The first statement, that everything exists only in that it is the "manifestation" of the divine Reality, is clearly a reflection of the metaphysical statement above. In talking about That and This, the higher and lower orders of reality, Huxley points out that virtually all religions hold that That order is responsible for the existence of This. In the monotheistic systems, God--the personification of That--creates This. Hinduism is more in tune with Huxley's position that That manifests itself as this. Buddhism (always a special case) is less clear on this position, but if we accept Mahayana concepts of emptiness and Buddha nature as normative, then it is an easier step to understanding that This that we see is generated by That.

"The heavens declare the glory of God," the Psalmist writes at 19:1, "and the firmament sheweth his handywork." Yet he stops short of saying that the heavens (or the earth) actually are God. In the Western tradition, Huxley's assertions are most tenable when we are discussing mysticism. A Sufi Master, a Kabbalist, or St. John of the Cross, might be more comfortable with saying that what we see is a reflection of the divine nature, or of God himself. The Gnostic Christ, too, reflects this thinking: In the Gospel of Thomas he says: "I am the light that is above them all. I am the all; the all came forth from me, and the all attained to me. Cleave a (piece of) wood; I am there. Raise up a stone, and you will find me there." The myths of ancient peoples are even more explicit, being filled with stories of the dismemberment of gods and other primordial beings in order that the stuff of their bodies--which is clearly part of That--can become the basic stuff of This.

Even the more philosophical systems derive This from That. Plato's Theory of Forms postulates that everything we see in This sensible world has a perfect original in a realm of unseen Reality. Christian Neo-Platonism, too, builds on the idea of Christ as Logos, establishing an ordering principle out of which everything develops. Its near-cousin, Gnosticism, sees the material devolving out of the spiritual. And so it goes. We even see this on a biological level, at least in the human realm: virtually everything starts with an Idea. Inventions, industries, even families generally begin with a vision or a concept which is brought into physical "being." Dare we say that even instinct in animals is an unseen driving force that seeks to ensure the survival of species? And what about Life itself?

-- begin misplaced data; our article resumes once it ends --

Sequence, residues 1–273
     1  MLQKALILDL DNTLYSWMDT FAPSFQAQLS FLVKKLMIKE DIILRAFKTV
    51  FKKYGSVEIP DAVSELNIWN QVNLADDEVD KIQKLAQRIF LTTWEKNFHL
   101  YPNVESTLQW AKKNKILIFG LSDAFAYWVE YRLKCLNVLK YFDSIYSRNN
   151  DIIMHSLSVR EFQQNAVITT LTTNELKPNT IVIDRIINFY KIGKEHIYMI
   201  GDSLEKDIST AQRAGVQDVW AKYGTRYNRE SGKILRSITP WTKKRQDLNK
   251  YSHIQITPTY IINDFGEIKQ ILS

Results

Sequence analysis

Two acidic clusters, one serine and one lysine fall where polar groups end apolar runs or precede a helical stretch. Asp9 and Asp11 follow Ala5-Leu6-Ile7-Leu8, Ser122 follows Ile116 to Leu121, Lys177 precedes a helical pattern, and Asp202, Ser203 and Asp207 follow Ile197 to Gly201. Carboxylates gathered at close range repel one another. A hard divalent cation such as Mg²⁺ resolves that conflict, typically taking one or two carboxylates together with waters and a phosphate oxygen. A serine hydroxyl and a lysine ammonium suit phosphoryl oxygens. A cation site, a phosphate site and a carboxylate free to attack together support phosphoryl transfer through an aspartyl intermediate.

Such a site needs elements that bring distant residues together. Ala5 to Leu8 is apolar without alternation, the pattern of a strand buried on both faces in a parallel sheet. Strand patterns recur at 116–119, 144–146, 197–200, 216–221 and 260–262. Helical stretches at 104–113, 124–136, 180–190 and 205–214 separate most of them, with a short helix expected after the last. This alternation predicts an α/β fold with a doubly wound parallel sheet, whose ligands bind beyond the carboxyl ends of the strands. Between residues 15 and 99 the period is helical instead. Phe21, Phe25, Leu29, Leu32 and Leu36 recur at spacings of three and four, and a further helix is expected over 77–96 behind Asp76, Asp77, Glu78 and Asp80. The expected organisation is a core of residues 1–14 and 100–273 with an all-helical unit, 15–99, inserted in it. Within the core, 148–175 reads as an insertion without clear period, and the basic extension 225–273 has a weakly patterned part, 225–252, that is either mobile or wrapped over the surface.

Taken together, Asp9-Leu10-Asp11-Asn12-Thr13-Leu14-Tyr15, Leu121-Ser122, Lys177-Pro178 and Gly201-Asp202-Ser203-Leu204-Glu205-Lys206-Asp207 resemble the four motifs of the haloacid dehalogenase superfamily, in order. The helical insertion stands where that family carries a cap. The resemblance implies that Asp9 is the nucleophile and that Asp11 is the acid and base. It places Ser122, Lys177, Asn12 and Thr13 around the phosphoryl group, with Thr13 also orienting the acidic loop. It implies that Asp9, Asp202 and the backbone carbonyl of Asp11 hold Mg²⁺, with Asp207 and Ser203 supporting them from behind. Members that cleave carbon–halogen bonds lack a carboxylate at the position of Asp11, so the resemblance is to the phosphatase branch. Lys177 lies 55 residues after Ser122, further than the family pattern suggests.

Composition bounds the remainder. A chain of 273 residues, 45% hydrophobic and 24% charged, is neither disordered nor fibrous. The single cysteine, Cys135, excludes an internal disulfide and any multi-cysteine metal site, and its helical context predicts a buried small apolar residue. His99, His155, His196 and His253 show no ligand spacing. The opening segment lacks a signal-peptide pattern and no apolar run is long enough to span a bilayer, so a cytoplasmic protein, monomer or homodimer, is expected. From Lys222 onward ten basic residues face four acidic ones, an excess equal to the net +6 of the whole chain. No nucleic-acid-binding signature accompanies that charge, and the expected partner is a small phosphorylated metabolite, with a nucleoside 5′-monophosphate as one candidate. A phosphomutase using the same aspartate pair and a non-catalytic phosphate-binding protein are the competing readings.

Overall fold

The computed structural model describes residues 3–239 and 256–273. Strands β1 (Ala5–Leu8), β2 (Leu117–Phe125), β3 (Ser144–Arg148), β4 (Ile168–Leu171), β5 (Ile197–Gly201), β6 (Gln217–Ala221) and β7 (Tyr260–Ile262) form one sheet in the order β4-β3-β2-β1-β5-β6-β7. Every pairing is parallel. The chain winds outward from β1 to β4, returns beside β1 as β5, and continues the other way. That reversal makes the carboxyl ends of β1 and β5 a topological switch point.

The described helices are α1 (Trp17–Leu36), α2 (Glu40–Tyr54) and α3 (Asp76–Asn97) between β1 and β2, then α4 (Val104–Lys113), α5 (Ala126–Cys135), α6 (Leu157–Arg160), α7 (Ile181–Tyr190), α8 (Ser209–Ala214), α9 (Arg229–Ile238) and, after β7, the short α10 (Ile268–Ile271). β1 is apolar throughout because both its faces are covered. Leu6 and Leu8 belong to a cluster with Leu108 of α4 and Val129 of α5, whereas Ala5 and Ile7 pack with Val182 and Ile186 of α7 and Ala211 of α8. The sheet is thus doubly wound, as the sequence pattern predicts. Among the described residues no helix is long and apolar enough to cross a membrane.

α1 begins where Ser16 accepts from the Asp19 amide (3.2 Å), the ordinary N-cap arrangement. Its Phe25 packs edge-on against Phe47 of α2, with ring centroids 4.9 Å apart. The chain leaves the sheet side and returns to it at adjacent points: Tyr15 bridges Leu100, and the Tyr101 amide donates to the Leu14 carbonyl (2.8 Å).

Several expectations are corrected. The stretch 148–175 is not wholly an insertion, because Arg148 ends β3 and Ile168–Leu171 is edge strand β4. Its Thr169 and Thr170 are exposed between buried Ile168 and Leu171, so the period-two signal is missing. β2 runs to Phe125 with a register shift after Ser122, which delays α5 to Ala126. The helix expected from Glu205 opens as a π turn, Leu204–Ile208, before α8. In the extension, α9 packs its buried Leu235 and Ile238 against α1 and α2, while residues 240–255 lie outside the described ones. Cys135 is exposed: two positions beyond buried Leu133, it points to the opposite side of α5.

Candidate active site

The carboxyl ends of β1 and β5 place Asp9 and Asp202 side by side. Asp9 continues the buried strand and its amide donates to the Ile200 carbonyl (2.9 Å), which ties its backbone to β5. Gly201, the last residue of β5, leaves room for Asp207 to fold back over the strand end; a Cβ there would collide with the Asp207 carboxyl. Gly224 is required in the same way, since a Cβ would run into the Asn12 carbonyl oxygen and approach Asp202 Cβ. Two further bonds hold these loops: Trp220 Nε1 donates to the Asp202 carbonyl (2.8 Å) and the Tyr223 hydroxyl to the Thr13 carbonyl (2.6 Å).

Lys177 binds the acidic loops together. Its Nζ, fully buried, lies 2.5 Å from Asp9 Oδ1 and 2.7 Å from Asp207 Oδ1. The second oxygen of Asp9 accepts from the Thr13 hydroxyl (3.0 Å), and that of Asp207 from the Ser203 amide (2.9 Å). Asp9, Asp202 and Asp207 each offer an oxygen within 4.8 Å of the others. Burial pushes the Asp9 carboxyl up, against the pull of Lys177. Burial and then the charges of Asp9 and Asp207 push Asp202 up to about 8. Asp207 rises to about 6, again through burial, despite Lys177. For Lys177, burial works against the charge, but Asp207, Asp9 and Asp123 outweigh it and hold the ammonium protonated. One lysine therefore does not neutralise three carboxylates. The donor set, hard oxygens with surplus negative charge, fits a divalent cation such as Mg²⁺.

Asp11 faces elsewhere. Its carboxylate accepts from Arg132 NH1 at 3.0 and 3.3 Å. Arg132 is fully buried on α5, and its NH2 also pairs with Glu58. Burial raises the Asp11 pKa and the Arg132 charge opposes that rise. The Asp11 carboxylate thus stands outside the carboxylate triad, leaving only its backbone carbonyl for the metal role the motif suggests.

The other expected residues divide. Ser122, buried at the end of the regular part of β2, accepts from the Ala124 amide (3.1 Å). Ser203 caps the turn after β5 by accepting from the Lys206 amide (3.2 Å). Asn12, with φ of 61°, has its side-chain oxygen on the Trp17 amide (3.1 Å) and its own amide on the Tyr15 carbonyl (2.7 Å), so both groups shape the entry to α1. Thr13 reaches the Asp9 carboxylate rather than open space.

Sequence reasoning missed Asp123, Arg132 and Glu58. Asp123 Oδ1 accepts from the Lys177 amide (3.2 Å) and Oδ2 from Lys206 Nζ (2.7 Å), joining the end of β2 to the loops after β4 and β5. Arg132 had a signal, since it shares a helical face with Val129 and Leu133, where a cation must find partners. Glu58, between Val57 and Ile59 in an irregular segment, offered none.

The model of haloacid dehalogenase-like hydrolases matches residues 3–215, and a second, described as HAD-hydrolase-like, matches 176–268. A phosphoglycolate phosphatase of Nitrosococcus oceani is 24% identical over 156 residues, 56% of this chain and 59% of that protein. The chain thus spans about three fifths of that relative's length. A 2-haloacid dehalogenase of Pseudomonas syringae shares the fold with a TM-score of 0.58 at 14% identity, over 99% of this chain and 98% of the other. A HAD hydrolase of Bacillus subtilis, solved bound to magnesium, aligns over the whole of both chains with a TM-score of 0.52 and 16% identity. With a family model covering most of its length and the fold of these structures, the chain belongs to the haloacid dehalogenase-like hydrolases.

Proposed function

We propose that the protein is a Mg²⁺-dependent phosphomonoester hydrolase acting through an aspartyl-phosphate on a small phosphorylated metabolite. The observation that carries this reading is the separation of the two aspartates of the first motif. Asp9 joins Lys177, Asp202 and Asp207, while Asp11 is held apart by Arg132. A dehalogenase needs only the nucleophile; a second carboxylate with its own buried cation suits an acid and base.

Huxley's first point, then, that what we see comes from what we don't, seems easy to grasp. True, the things in This world can be said to be simply the physical consequences of physical actions. But what lay behind those actions? All of history, all of literature, all of science--indeed, every human and, as mentioned, even animal enterprise--can ultimately be traced back to forces and motivations that cannot be accounted for. Not only "In the beginning," but at every moment, That world impinges on This, and This depends on That.

Second: Humans Can Know the Divine Ground by Direct Intuition

The second assertion, that we can know the divine Reality directly, and thus be united to it, brings us more roundly into the realm of religion.

Or does it? When a grouse hen feigns a broken wing to distract a predator away from her nest of young, she is following "mere instinct." And yet, at that very moment, she is truer to her species--and her role as a parent--than most human beings will ever be. By obeying her "hard-wiring," is she not in a way more in tune with the "divine Reality" than a Hamlet who can do nothing but deliberate between courses of action, never landing on one or the other? Perhaps that is why those who engage in "extreme" sports, like helicopter skiing, say that when they are in the midst of such activities, making split-second decisions, they have "never felt more alive."

In any case, those of us whose cowardice--or common sense--keeps us from jumping out of helicopters onto mountains find that there are other ways to "feel alive." One tried-and-true technique is as simple as...breathing. In the Eastern philosophies especially, the practice of mindful breathing or breath control is a doorway to knowing That better. But the importance of the breath in meditative technique is not limited to the East. The ancient "Jesus Prayer" of the Eastern Christian Church used the formula "Lord Jesus Christ, Son of God, have mercy on me, a sinner." Each of the four parts of the prayer was to be recited on an in- or out-breath. Thus the Prayer was tied to breathing techniques, which Metropolitan Anthony Bloom connects to Sufi practice. What's more, as early as the sixth century, Diadochos "taught that repetition of the prayer leads to inner stillness" (Rossi).